Director Still Hopeful for Landmine Pageant Film

The man behind last year’s attempt to host Cambodia’s first beauty pageant for landmine victims has condemned the government’s promise to ban any screening of a new documentary about his project.

Undeterred, Morten Traavik said he remained hopeful about getting the film seen in Cambodia, “in one format or the other.”

“Miss Landmine,” a Canadian documentary about the Norwegian theater director’s yearlong effort to stage the pageant, will have its world premiere at the San Francisco Docfest on Oct 16.

Mr Traavik’s plan was to have one landmine victim from each province compete for cash prizes and a new prosthetic limb. By giving the women a chance to participate in an activity typically reserved for the able-bodied, his stated aim was to help restore the contestants’—and all landmine victims’—confidence and self-respect.

But Mr Traavik’s plans were label degrading and exploitative by the government and some NGOs. In early August 2009, days before a photo exhibit of the contestant was to premier in Phnom Penh, the Ministry of Social Affairs ordered the event shuttered. With the aid of some 2,300 online votes from 30 countries, the project nonetheless announced a winner in December.

“Miss Landmine,” commissioned by Canadian broadcaster CTV, chronicles the affair from start to finish.

According to Mr Traavik, the film also implicates the secretary-general of the Cambodian National Volleyball League (Disabled), Chris Minko, in getting the project thrown out of the country. Asked on camera if he played a part in the ministry’s decision, he reportedly replied, “Yes. I made a recommendation to the minister [Ith Samheng] the evening before Morten was asked to leave the country, and I said: ‘Get him out. People like that are not needed in this landscape.’”

Mr Minko said he merely shared his thoughts with the minister.

“I gave an opinion to the ministry—nothing more, nothing less—an opinion I stand by,” he said via e-mail Tuesday. “The minister makes his own decisions very capably.

“There are more dignified ways of showcasing the ability of Cambodian landmine survivors, such as through the many high[ly] successful and internationally recognized Cambodian programs of sport and disability,” he added.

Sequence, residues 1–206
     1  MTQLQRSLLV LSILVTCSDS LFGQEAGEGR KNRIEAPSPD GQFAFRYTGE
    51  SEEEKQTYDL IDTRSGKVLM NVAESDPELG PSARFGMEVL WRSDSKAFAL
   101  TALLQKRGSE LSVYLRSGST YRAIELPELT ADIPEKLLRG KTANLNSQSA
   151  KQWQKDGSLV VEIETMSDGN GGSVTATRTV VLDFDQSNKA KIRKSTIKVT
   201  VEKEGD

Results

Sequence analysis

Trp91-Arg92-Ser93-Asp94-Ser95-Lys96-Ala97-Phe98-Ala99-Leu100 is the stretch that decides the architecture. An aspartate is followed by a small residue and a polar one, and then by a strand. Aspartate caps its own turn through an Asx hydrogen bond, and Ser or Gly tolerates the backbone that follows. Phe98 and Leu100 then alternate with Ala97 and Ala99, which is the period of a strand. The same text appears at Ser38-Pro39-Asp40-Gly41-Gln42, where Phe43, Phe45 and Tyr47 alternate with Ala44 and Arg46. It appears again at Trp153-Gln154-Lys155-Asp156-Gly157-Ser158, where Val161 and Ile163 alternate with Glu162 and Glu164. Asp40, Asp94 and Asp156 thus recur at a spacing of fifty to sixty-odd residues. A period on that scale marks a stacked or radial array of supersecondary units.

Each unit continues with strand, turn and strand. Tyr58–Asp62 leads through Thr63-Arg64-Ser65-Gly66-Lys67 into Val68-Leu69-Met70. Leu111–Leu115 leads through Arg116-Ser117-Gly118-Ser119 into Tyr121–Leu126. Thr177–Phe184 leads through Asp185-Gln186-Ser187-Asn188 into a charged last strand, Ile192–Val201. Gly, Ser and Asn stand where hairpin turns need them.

Mr Minko ignored questions about the film itself.

According to the Ministry of Culture, a 2000 subdecree charges it with signing off on any film publicly screened in the country. On Tuesday, ministry adviser Kong Kantara said he could not comment on any possible ban on “Miss Landmine,” because the ministry had not seen it yet.

On Monday, however, Social Affairs Ministry spokesman Lim El Djurado said the ministry would have any attempt to screen the film here barred because “it affects the tradition and Cambodian women.” Prime Minister Hun Sen himself issued a standing ban on the Miss Cambodia contest in 2006 for as long as he led the country, calling the pageant a waste of the country’s resources.

Like Mr Minko, the founder and president of local rights group Licadho, Chhiv Kek Pung, said she thought the pageant in poor taste from the start. But poor taste was no grounds for censorship, she said yesterday.

“If this is the reason [the ministry] has given, I believe the government should not ban this project or a film about it since in my opinion the project…may be in poor taste but is not immoral or pornographic,” she said.

“I think the government should allow [the screening] since it doesn’t harm the people,” agreed Dos Sopheap, who won the competition—along with a $10,000 prosthetic leg and $1,000 in cash.

“I used to cry every day and hardly ever went out in public,” said Ms Sopheap, who lost her left leg to a landmine in 1996. “Now I have courage to be seen by people.”

Despite the government’s promise to ban the film, Mr Traavik remained optimistic-if cryptic-about getting the film into the country.

“The upside of today’s free flow of shared information is that even though the government would probably want to, they won’t be able to stop the movie from being seen in one form or the other by people inside Cambodia,” he said via e-mail. “I don’t want to be more specific than that at the moment.

“The mere idea that one should have to ask the government’s permission to show any film, book, theater play, painting or any other expression of the free flow of ideas or opinions only proves again what everybody knows but few inside Cambodia feel safe about saying out loud, namely that today’s Cambodia more and more is becoming a dictatorship again,” Mr Traavik said.

In a separate case, Phnom Penh City Hall barred the Cambodian Confederation of Unions earlier this year from screening a documentary about the still unsolved 2004 assassination of union leader Chea Vichea. At the time, the city cited the lack of a license from the Culture Ministry as its reason. The union’s attempt to screen the film near the site of Mr Vichea’s murder was broken up by police.


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